Income tax expense or benefit is recognized for the amount of taxes payable or refundable for the current year, and for deferred tax assets and liabilities for the tax consequences of events that have been recognized in an entity’s financial statements or tax returns. We must make significant assumptions, judgments and estimates to determine our current provision (benefit) for income taxes, our deferred tax assets and liabilities and any valuation allowance to be recorded against our deferred tax assets. Our judgments, assumptions and estimates relating to the current provision (benefit) for income taxes include the geographic mix and amount of income (loss), our interpretation of current tax laws, and possible outcomes of current and future audits conducted by foreign and domestic tax authorities. Our judgments also include anticipating the tax positions we will take on tax returns before actually preparing and filing the tax returns. Changes in our business, tax laws or our interpretation of tax laws, and developments in current and future tax audits, could significantly impact the amounts provided for income taxes in our results of operations, financial position or cash flows.
 
Deferred tax assets and liabilities are recognized for the estimated future tax consequences attributable to tax benefit carryforwards and to differences between the financial statement amounts of assets and liabilities and their respective tax basis. We regularly review our deferred tax assets for recoverability and establish a valuation allowance if it is more likely than not that some portion or all of the deferred tax assets will not be realized. To make this assessment, we take into account predictions of the amount and category of taxable income from various sources and all available positive and negative evidence about these possible sources of taxable income. The weight given to the potential effect of negative and positive evidence is commensurate with the extent to which the strength of the evidence can be objectively verified. For example, a company’s current year or previous year losses are given more weight than its future outlook. For the years ended January 2, 2010 and January 3, 2009, we concluded that a significant valuation allowance was required based on our evaluation and weighting of the positive and negative evidence. If, in the future, we determine that these deferred tax assets are more likely than not to be realized, a release of all or part, of the related valuation allowance could result in a material income tax benefit in the period such determination is made. For additional description of the valuation allowance, see Note 4 to our Consolidated Financial Statements.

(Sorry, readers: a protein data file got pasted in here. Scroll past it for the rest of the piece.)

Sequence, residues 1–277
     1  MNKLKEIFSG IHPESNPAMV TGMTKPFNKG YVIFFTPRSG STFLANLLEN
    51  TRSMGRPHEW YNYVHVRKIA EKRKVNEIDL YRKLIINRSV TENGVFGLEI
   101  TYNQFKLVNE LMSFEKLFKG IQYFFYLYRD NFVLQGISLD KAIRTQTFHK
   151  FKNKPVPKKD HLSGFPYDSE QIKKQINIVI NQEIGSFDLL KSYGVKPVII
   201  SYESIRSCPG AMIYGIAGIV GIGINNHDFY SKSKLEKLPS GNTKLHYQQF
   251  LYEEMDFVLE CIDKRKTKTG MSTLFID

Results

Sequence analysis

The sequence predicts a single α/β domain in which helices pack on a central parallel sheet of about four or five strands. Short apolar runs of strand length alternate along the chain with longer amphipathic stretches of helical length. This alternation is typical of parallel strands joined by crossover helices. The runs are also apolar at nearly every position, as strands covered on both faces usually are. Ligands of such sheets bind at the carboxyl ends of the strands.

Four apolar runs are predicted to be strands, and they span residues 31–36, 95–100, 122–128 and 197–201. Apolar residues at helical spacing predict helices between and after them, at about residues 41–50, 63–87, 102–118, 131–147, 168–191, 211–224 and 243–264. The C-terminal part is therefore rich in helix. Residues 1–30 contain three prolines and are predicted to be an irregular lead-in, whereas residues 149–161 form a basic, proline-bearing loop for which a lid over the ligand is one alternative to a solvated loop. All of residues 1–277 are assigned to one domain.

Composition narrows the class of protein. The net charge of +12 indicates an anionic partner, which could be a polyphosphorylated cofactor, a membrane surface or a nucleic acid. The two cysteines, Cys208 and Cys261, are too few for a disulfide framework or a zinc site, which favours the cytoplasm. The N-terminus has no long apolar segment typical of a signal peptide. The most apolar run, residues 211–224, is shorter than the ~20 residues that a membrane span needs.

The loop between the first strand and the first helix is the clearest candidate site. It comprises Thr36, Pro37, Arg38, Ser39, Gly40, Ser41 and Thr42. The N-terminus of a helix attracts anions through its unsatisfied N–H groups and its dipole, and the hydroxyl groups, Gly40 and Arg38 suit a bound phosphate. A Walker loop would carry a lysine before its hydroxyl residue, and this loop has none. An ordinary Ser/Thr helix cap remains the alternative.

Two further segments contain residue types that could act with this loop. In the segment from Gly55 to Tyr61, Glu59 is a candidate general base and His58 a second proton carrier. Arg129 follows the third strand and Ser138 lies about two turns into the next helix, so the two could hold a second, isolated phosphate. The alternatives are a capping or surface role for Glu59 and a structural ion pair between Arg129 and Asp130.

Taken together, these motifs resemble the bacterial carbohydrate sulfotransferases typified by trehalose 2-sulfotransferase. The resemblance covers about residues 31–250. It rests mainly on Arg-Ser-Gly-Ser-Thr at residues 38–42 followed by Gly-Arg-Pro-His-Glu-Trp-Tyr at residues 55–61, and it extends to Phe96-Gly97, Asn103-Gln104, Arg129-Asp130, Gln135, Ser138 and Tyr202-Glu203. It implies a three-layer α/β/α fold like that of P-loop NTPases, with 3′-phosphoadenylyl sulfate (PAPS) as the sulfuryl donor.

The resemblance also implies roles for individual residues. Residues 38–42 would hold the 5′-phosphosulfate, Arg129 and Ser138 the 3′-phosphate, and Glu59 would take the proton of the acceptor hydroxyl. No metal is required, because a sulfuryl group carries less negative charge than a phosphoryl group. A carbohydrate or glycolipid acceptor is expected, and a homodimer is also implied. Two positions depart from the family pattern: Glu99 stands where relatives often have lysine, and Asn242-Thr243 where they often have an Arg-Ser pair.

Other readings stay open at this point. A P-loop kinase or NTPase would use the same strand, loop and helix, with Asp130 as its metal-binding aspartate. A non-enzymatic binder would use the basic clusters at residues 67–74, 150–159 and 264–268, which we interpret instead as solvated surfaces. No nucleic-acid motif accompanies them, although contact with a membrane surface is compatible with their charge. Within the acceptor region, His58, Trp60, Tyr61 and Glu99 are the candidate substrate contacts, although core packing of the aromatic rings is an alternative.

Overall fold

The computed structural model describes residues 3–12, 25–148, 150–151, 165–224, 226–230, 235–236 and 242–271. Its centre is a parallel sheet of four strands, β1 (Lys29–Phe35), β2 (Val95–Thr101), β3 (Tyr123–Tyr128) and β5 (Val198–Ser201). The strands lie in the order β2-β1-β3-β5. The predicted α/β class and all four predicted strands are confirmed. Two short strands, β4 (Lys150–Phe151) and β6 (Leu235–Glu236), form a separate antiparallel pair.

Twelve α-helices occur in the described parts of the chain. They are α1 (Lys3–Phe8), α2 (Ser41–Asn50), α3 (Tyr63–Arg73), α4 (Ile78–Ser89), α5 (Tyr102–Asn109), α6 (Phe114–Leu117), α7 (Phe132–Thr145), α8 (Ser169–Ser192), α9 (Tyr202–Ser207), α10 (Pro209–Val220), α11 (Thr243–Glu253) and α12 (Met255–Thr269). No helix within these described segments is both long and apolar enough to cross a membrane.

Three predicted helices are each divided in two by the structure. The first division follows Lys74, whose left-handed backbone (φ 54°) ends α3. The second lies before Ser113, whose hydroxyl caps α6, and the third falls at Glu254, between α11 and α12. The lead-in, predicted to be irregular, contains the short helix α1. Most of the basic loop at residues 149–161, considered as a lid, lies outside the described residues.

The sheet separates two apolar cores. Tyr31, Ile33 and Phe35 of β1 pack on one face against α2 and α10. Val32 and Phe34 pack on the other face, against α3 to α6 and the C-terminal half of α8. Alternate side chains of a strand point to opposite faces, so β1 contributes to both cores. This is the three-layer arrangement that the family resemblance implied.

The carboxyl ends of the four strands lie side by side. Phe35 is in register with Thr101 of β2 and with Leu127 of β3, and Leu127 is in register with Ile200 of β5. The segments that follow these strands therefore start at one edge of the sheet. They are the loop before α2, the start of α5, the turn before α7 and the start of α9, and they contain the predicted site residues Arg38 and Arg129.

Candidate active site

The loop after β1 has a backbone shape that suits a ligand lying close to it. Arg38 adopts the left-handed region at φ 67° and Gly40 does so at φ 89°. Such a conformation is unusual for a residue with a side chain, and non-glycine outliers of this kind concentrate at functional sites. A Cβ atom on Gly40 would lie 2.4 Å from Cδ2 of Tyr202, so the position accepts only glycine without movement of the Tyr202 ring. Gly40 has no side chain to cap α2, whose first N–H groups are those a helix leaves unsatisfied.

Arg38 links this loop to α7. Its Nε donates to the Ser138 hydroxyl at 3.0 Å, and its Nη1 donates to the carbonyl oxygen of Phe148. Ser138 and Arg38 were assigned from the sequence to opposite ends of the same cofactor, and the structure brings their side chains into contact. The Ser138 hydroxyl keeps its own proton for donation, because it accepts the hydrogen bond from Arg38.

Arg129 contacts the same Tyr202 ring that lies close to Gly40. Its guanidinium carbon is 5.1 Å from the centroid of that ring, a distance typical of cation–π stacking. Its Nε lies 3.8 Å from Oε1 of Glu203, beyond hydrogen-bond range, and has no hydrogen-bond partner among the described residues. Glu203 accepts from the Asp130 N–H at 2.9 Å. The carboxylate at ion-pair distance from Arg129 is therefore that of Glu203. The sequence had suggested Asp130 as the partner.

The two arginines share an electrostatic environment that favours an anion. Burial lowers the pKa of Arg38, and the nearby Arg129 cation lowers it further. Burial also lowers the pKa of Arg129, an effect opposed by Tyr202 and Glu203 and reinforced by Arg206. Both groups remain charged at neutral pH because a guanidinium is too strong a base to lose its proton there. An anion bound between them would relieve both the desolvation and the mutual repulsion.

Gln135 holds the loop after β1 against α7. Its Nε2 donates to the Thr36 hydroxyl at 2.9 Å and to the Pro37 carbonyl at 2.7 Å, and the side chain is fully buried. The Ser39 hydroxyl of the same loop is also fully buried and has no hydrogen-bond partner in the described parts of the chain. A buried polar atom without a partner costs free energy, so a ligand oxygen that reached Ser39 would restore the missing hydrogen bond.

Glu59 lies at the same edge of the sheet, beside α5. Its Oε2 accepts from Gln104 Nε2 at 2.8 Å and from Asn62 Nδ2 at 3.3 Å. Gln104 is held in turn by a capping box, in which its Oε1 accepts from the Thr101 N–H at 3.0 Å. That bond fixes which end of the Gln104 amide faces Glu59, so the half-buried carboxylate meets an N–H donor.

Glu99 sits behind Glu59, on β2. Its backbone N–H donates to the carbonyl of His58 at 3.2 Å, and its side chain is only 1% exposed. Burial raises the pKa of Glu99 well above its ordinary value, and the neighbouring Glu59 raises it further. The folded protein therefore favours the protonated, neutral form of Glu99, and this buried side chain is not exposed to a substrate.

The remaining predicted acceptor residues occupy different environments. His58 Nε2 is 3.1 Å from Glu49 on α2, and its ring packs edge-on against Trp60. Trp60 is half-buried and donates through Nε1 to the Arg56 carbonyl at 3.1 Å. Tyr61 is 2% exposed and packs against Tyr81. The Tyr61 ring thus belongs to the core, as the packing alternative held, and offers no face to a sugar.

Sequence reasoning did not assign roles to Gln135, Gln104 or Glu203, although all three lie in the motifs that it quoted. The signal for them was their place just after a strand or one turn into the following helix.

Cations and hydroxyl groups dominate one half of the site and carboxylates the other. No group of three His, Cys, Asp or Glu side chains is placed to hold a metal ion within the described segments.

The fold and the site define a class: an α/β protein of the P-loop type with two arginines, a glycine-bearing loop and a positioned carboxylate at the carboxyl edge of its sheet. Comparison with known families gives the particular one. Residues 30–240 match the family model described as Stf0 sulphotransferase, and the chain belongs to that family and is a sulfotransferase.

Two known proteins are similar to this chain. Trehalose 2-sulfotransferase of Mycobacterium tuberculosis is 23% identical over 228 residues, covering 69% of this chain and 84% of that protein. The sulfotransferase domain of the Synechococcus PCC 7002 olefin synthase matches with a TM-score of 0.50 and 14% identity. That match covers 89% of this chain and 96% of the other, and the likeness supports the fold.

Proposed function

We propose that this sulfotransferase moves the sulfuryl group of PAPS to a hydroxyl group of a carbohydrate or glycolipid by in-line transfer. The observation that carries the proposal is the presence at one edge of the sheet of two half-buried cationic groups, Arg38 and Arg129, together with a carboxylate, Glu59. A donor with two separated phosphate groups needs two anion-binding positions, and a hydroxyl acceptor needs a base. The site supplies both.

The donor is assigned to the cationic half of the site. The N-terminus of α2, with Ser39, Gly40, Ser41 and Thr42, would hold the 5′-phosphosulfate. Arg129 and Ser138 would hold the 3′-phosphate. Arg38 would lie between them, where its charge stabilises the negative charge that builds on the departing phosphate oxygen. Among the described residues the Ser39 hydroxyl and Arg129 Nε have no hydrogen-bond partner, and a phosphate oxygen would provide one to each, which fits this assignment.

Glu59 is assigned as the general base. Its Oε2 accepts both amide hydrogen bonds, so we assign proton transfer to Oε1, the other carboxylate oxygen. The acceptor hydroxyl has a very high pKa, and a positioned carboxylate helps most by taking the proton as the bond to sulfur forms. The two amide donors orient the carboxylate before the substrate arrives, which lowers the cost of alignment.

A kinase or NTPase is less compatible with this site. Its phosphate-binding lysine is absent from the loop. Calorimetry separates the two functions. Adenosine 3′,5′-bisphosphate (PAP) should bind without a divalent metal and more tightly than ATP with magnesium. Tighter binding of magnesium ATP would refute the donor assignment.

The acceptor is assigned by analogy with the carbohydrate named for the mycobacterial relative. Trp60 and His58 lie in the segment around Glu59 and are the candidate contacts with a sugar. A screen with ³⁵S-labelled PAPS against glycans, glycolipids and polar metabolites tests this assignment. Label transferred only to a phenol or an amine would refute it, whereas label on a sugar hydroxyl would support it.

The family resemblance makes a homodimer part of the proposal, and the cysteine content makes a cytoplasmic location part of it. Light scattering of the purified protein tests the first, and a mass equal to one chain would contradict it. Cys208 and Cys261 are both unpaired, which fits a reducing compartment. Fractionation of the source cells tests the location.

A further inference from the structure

We only recognize an income tax position in our financial statements that we judge is more likely than not to be sustained solely on its technical merits in a tax audit, including resolution of any related appeals or litigation processes. To make this judgment, we must interpret complex and sometimes ambiguous tax laws, regulations and administrative practices. If an income tax position meets the more likely than not recognition threshold, then we must measure the amount of the tax benefit to be recognized by determining the largest amount of tax benefit that has a greater than a 50% likelihood of being realized upon effective settlement with a taxing authority that has full knowledge of all of the relevant facts. It is inherently difficult and subjective to estimate such amounts, as this requires us to determine the probability of various possible settlement outcomes. To determine if a tax position is effectively settled, we must also estimate the likelihood that a taxing authority would review a tax position after a tax examination has otherwise been completed. We must also determine when it is reasonably possible that the amount of unrecognized tax benefits will significantly increase or decrease in the 12 months after each fiscal year-end. These judgments are difficult because a taxing authority may change its behavior as a result of our disclosures in our financial statements. We must reevaluate our income tax positions on a quarterly basis to consider factors such as changes in facts or circumstances, changes in tax law, effectively settled issues under audit, and new audit activity. Such a change in recognition or measurement would result in recognition of a tax benefit or an additional charge to the tax provision.
 
We are also required to assess whether the earnings of our foreign subsidiaries will be indefinitely reinvested outside the United States. As of January 2, 2010, we had recognized a deferred tax liability of $34.7 million related